On Monday, January 12—in a meeting announced in at least five separate press releases, so you know they wanted people to pay attention—the city council announced its priorities
for 2009. Going around the dais, show-and-tell style, each council member presented his or her two- or three-item wish list. Among the scintillating details:
• Tim Burgess wants to improve the city's relationship with the school district, make neighborhoods safer, and improve delivery of city services. Vague, but not as vague as things quickly became, as you'll see.
• Richard McIver—retiring later this year—said he wants to create more housing and jobs (see? vague) and "make sure that Seattle has a vibrant and creative industry that thrives on live music as well as recorded, but primarily live because that has been a major part of blah blah blah" (bizarrely specific).
• Jean Godden wants to "continue to put people first" in the city budget and improve customer service. She also quoted Barack Obama at length—something about making the world "just a little bit better than the one we have today."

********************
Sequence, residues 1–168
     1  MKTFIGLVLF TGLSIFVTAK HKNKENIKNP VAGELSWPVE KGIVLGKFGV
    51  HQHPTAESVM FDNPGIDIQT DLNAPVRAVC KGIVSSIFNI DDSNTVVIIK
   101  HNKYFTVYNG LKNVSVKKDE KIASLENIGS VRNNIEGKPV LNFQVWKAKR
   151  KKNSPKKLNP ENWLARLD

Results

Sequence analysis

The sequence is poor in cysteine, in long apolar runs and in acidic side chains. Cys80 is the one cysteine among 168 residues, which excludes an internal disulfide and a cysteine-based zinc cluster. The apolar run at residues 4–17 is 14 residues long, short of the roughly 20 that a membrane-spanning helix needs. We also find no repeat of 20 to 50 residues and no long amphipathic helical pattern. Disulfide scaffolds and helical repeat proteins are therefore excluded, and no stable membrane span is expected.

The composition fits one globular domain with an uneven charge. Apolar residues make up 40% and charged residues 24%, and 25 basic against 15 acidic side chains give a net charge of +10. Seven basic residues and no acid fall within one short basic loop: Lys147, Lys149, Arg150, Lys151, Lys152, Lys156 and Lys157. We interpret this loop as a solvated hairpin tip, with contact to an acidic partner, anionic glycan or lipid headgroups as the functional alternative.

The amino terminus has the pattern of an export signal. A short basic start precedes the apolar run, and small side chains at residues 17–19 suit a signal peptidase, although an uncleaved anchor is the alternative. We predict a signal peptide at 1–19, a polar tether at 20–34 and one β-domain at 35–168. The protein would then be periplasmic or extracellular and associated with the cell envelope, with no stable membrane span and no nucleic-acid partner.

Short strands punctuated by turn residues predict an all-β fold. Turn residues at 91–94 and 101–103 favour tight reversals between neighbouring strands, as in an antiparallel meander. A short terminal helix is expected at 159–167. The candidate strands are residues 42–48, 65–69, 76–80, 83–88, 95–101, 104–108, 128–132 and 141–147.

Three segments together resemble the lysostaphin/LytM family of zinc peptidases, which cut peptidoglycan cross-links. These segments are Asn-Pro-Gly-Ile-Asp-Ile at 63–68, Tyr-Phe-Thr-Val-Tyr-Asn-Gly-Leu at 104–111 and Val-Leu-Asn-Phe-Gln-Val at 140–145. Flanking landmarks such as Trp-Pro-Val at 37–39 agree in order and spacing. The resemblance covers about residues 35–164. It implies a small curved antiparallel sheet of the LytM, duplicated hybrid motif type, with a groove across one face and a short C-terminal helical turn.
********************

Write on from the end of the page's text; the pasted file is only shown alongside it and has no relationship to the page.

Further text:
• Bruce Harrell dispensed completely with the priorities theme and went on for a while about "very strategic issues" and "critically important... regional and national relationships." Plus he wants the city to make some kind of system that will tell people they have to clear snow off their sidewalks and "what to do when their televisions no longer work."
• Tom Rasmussen wants to make sure the parks levy gets off to a good start and to improve Seattle Center, with its sad little amusement park and its even sadder little arena.
• And Richard Conlin wants to "take steps toward the goal" of reducing homelessness and hunger.
Well, who doesn't? The problem with that worthy laundry list (apart from the fact that it's basically the same every year) is that there isn't one proposal in there that might cause anyone to raise an eyebrow (in disapproval or even interest). Why doesn't the council use the opportunity—the TV cameras, the assembled audience—to roll out some real initiatives, along the lines of the proposals Mayor Nickels rolls out in his State of the City speech every year?
Instead of trying to paper over its differences, the council should use them to its advantage—introducing individual priorities, rather than inventing collective ones. Council members often complain that the mayor hogs the civic spotlight, but that isn't really fair—the mayor gets attention because he demands it. If council members want citizens to pay attention to them, they need priorities more substantial than "making Seattle a better place for everyone."